Damian Lillard has tried to downplay the rumors that he’ll be requesting a trade away from the Portland Trail Blazers this summer, but he hasn’t ruled it out.
Not even in the slightest.
While preparing for the Tokyo Olympics for Team USA, the superstar point guard said that he hadn’t “made any firm decision on what my future will be,” but admitted that the Blazers need to be “more urgent” about building a legitimate contender around him and CJ McCollum.
By those standards, it sounds as though Lillard is at least willing to give the Blazers a chance and return to the franchise for a 10th professional season. But the clock is clearly ticking — and the Knicks are among those who are lurking.
According to Kevin O’Connor of The Ringer, only a few team executives actually see a trade of Lillard going down this summer, but the Knicks, Miami Heat, Sacramento Kings, Houston Rockets, and Philadelphia 76ers are the “most aggressive suitors.”
The six-time All-Star would revolutionize any backcourt that he goes to, averaging 27.6 points and 6.9 assists per game over the past five seasons.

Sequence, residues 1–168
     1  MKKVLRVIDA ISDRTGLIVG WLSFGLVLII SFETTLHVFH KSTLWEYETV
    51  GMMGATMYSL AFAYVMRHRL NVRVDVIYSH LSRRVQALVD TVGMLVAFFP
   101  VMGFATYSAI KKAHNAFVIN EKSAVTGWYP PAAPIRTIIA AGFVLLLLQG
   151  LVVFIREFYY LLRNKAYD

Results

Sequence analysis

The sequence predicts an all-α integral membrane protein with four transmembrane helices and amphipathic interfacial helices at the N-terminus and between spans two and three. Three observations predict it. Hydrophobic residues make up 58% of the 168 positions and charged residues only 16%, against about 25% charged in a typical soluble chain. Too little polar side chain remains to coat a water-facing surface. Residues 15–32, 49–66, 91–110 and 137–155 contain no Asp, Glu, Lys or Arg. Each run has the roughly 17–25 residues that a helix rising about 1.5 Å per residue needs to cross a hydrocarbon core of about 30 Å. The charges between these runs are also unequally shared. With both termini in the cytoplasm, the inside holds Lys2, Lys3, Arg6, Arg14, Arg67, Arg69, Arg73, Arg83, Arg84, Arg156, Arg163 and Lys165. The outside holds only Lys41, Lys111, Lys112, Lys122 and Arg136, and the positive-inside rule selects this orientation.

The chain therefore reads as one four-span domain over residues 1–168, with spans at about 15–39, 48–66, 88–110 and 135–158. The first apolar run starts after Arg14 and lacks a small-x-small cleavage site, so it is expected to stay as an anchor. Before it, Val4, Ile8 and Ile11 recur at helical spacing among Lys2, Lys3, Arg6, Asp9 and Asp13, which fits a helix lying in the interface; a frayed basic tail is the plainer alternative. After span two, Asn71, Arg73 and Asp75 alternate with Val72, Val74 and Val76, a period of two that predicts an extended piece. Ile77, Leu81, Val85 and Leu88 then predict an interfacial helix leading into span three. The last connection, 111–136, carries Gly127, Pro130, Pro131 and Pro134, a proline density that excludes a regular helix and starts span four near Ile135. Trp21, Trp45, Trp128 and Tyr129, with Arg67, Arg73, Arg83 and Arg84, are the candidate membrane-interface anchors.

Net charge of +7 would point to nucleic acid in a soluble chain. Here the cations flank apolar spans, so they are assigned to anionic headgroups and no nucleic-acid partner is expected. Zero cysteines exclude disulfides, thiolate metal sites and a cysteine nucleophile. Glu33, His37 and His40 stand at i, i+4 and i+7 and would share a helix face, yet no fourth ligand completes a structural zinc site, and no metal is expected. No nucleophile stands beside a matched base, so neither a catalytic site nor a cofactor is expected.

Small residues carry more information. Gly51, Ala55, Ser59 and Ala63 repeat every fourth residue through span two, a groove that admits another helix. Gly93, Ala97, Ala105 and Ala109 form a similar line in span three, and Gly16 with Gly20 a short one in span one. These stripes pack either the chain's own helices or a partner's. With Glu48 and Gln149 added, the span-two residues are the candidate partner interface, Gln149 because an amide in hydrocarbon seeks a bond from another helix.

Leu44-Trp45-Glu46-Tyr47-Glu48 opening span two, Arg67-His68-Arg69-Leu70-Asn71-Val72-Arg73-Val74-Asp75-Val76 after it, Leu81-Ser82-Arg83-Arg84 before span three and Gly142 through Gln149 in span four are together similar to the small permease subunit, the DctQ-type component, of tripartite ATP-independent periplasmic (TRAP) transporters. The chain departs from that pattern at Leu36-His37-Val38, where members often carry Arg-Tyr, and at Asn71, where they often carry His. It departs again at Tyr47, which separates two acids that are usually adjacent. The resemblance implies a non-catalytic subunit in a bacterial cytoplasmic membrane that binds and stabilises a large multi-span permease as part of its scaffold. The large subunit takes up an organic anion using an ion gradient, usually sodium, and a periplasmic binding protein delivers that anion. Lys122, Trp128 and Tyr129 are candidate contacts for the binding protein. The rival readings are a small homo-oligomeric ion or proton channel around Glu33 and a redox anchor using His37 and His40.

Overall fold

For the Knicks, he would be the franchise point guard that the organization has been starving for over the last five decades.
Granted, it’s a no-brainer move, in theory, to get a player of Lillard’s caliber — especially for a franchise that had its best season in eight years just by making the postseason.
But the asking price for Lillard is expected to be gargantuan, one that rivals what the Brooklyn Nets gave up to the Houston Rockets for All-Star guard James Harden, per O’Connor.
By those standards, that would mean the Knicks would have to part with young talent, three first-round picks, and four first-round pick swaps. And that price could be even higher considering Lillard is under contract for the next four seasons while Harden was secure for just two when the Nets got him.
The Knicks certainly have those resources with players like RJ Barrett, Immanuel Quickley, Obi Toppin, and Mitchell Robinson, among others, to offer. They also have five first-round draft picks over the next three seasons.
It would sap the Knicks of much of their resources, though, as a Lillard move would deplete its young core and future chance to build organizational depth through the draft.